Linked Data and other Semantic Web technologies are used in a variety of organisations for projects large and small. They are a key feature in both government open data initiatives and enterprise-wide data integration systems for internal use. In this course, you'll learn about the building blocks of the Semantic Web and how to use them, including how to model your data in RDF, integrate with third-party and OpenData sources, and how to enter and run SPARQL queries. You'll hear about how these technologies are used today, and have a chance to try them out in the hands-on portions of the classes.
Classes for 2017
The Linked Data course runs on and .
- An Introduction to Linked Data
Taught by Jen Williams.
Linked Data is a set of best practises that defines how to structure data so that it can be interlinked and published on the Web. By using the Web as the publishing platform, data can distributed across innumerate points, while still allowing navigation and discovery through the use of URIs in the data itself. Data models are embedded into the structure of the Linked Data itself, and follow the same best practises by being defined as Linked Data Vocabularies.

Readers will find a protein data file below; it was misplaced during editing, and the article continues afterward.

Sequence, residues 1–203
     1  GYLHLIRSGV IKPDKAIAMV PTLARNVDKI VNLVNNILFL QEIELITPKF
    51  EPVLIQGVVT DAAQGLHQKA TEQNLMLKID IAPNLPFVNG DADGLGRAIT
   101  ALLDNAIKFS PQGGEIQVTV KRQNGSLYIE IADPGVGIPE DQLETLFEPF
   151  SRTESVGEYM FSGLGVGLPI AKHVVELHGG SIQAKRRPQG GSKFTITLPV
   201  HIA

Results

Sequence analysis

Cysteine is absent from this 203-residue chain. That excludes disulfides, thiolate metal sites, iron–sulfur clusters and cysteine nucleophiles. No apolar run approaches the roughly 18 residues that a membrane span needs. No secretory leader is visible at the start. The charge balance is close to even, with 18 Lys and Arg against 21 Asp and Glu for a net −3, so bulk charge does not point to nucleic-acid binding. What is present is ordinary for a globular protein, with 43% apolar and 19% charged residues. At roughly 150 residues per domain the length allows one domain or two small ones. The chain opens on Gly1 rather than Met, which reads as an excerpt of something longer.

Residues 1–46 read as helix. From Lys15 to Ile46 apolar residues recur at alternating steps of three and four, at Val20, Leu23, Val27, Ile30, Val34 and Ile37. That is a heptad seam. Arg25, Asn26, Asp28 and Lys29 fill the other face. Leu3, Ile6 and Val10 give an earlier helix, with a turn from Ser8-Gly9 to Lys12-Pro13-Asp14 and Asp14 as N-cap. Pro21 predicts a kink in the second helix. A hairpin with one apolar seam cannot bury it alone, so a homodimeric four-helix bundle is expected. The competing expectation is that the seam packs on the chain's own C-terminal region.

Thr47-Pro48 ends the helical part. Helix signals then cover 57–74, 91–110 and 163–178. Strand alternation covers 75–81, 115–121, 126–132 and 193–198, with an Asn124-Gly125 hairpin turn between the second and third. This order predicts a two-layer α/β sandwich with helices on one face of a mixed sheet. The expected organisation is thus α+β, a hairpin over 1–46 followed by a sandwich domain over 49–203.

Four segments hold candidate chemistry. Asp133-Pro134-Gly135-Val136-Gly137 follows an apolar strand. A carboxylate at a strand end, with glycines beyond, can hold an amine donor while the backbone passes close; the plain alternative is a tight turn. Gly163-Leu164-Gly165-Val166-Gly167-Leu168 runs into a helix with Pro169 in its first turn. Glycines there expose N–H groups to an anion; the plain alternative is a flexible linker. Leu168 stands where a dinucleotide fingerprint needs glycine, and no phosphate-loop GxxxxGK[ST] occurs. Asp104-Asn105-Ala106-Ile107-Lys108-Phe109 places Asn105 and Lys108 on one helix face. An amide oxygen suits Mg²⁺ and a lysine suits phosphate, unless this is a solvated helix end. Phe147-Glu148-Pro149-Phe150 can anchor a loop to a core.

The principles of Linked Data allows developers to publish data without the need to develop custom APIs, and offers the ability for data publishers to adopt data standards to improve interoperability between disparate sources of data.
This "Introduction to Linked Data" course will cover all of the basics around the structure of the data itself, the use of URIs, popular vocabularies and how to use them in sample datasets.
- Delivering Linked Data
Taught by Kal Ahmed.
The infrastructure of the world wide web can do more than deliver documents for people to read off of their screens: it can also deliver data for applications to use. The principles of Linked Data have laid a foundation that has made it possible for governments, media, and e-commerce retailers to publish data on the web without depending on custom-built APIs. This class will show you how to take advantage of these principles to consume available data and to publish it yourself.
Among other things, we'll learn about popular sets of linked data that you can use, how to create links between datasets, how to mint good URIs, HTTP issues, and how to take gradual steps toward good linked data publishing.
- Introduction to SPARQL
Taught by Andy Seaborne.
SPARQL is the standard W3C query language for semantic web applications. It brings together the features of a number of RDF query languages into one method for extracting information from data represented in RDF, whether small datasets or large.
This session will provide a solid grounding in SPARQL. After demonstrating how powerful some very simple SPARQL queries can be, we will take a practical approach to looking at the key features of SPARQL 1.0 and 1.1, and then explore the principles underpinning the SPARQL query language.
- Hands-on SPARQL
In this session students will get a chance to try their hand at writing some SPARQL queries. This session will help to consolidate the fundamentals of SPARQL query as well as introducing some new tips and tricks for being more effective with the SPARQL that you write.